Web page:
We started the summertime with a list of great songs about the warmer months, but now that the season is winding down, our playlists are starting to take on a darker tone.
A very darker tone.
While I was getting ready a few weeks ago to interview Rick Springfield, the headliner at Albany's Art & Air Festival, I couldn't help but notice that one of his most recent albums is titled "Songs for the End of the World."
It's not at all the first time that popular music has flirted with the notion of the end of days. In fact, this is a long and somewhat honorable tradition that stretches back many years and has generated at least one book, "Apocalypse Jukebox," by David Janssen and Edward Whitelock, which convincingly argues that American popular music, from its earliest hymnals forward, has been shaped in part by an apocalyptic worldview, both secular and sacred. (The jazz standard "Stars Fell on Alabama," to name just one example, was indirectly inspired by an 1833 meteor shower that inspired end-of-the-world panic across the United States, according to Janssen and Whitelock.)
And it's a trend that continues right up to our current troubled moment: "The Greatest," the new single from Lana Del Ray, ends with the singer languidly tossing off lines such as "If this is it, I'm signing off. ... Hawaii just missed that fireball."
So, just in time for fall, here are some potential starting points for your own end-of-days playlist. (Got a particular favorite that I've overlooked? Send me an email, and I'll compile them later for an apocalyptic sequel:
• "We'll All Go Together When We Go," Tom Lehrer, 1959: In which a Harvard-educated mathematician looks on the bright side of nuclear holocaust.
• "A Hard Rain's a-Gonna Fall," Bob Dylan, 1962: "No other single figure in twentieth-century popular music ... has produced a more prolific body of work concerned with apocalypse than Bob Dylan," Janssen and Whitelock write. Dylan himself said he wrote the song after perusing old newspapers in the New York Public Library: "After a while you become aware of nothing but a culture of feeling, of black days, of schism, evil for evil, the common destiny of the human being getting thrown off course." So, yeah, the song could have been written yesterday.
• "The End of the World," Skeeter Davis, 1963: It could be because you don't love me anymore. Or it could be because it's actually the end of the world.
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• "He Stopped Loving Her Today," George Jones, 1980: Country singer Joe Nichols says this is the greatest country song ever, and he's not wrong. Is it apocalyptic? Only if you think love can be apocalyptic, and we know how Skeeter Davis would answer that question.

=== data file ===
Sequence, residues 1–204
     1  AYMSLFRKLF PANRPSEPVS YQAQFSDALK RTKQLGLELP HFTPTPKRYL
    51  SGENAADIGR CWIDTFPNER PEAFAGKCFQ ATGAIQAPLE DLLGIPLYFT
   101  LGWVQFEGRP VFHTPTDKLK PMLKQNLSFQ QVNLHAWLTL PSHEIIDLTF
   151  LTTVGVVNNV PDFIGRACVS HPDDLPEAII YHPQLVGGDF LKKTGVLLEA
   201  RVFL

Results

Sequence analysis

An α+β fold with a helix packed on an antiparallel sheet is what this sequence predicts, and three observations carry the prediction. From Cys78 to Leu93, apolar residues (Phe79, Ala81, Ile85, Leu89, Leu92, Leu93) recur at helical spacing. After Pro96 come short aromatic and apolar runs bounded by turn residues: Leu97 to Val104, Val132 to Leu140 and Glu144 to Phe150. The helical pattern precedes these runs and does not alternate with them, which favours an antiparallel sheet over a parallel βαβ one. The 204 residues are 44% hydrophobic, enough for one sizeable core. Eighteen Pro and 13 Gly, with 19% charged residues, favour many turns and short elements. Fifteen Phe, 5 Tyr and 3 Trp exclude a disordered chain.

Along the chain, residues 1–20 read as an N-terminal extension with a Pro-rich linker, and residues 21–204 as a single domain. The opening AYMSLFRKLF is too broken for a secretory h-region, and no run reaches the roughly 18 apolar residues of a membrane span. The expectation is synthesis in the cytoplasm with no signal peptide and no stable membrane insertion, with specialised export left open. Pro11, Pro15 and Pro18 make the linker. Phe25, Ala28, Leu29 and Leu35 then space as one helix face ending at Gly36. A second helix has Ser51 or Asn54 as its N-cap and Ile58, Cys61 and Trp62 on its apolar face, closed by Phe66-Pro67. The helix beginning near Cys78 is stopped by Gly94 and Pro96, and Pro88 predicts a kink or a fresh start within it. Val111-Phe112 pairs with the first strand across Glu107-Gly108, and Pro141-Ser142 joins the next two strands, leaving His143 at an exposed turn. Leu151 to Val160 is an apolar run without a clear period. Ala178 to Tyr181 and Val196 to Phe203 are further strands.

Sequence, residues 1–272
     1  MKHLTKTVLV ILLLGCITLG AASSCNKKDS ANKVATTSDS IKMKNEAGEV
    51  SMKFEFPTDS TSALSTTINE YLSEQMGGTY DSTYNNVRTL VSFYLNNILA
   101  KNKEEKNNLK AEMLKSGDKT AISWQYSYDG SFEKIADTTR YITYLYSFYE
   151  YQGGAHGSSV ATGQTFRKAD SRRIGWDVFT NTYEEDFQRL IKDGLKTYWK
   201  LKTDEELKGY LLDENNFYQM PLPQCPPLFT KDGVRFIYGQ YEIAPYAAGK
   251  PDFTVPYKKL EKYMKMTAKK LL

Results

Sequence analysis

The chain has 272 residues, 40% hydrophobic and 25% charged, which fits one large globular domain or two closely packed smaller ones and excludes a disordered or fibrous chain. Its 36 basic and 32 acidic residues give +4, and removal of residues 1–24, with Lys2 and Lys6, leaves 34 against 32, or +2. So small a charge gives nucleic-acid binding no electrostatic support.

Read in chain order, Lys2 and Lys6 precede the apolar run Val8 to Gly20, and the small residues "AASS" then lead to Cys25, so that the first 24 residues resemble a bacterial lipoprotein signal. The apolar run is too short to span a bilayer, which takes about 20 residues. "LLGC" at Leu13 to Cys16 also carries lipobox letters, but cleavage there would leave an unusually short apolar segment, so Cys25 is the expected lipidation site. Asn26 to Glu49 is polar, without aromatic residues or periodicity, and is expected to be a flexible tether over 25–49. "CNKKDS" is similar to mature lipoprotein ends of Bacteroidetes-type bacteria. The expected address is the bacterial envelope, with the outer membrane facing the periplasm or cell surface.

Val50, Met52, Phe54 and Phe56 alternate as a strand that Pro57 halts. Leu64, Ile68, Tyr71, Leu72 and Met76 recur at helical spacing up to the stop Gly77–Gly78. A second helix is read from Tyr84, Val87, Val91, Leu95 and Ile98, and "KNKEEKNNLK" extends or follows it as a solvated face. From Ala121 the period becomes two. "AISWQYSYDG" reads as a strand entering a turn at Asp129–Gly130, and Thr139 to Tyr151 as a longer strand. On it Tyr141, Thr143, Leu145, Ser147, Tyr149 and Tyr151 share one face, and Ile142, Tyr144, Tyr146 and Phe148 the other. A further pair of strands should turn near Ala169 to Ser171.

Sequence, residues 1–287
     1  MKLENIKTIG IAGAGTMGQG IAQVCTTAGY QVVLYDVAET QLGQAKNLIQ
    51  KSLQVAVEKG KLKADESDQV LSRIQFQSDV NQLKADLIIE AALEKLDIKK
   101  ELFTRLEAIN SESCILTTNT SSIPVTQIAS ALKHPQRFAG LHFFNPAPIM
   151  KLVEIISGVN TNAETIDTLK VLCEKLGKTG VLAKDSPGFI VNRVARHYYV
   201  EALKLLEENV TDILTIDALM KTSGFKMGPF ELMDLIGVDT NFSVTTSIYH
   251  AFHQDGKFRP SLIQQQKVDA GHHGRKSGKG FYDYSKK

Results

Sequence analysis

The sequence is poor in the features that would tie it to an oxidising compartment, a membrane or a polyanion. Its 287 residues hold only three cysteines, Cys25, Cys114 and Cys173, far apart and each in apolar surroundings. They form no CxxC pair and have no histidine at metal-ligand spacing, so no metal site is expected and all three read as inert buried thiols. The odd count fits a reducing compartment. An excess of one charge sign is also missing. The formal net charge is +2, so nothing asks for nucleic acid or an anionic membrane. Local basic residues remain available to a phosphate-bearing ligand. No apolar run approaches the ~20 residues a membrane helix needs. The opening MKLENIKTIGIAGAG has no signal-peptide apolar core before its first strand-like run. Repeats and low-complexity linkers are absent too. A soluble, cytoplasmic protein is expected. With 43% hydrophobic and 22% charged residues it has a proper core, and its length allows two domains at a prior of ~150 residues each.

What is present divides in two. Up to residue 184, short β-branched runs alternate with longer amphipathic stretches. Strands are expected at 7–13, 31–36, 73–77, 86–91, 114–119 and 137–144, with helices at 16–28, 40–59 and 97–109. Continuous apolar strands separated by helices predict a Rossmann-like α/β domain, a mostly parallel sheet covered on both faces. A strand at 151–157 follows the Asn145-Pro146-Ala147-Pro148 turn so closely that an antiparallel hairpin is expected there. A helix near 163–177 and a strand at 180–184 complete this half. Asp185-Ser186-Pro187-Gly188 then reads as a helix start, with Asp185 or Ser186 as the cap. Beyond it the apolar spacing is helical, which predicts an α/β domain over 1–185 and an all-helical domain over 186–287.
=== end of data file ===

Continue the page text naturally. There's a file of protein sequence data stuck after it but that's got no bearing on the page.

• "Closing Time," Leonard Cohen, 1992: "Ah, we're drinking and we're dancing," but there will be hell to pay when the music stops on this Saturday night in what Janssen and Whitelock call the Apocalypse Bar and Grill. A fitting companion to the next selection on the jukebox:
• "1999," Prince, 1982: Party's over. Whoops! Out of time. Arguably, 20 years before its time.
• "Sunset Grill," Don Henley, 1984: Speaking, as we were, about the Apocalypse Bar and Grill: Here's the hamburger joint where you go grab a bite afterward. Henley says it's just about a restaurant where he used to hang out, but Pino Palladino's bass says otherwise: There is no hiding place.
• "It's the End of the World as We Know It ("And I Feel Fine)" REM, 1987: The obvious choice for this list, but there's a strong apocalyptic streak throughout the band's music, dating back to "Pilgrimage," from its first album, 1984's "Murmur."
• "Bad Moon Rising," Creedence Clearwater Revival, 1969: A landmark track from arguably the most underrated American rock band.
• "London Calling," The Clash, 1979: A nuclear error. London is drowning. And we all live by the river. Fun fact: The B side of the original single was "Armagideon Time."
• "The Last Mall," Steely Dan, 2003: The Dan had wandered into apocalyptic territory before, with "King of the World" from the "Countdown to Ecstasy" album. But this track, from the band's underappreciated "Everything Must Go" album, adds a sardonic dash of consumerism to the mix and ends with a little musical joke.
• "Wristband," Paul Simon, 2016. It starts with Simon unable to get back into a club where he's playing because he doesn't have a wristband. It ends with riots. Just like in real life. (mm)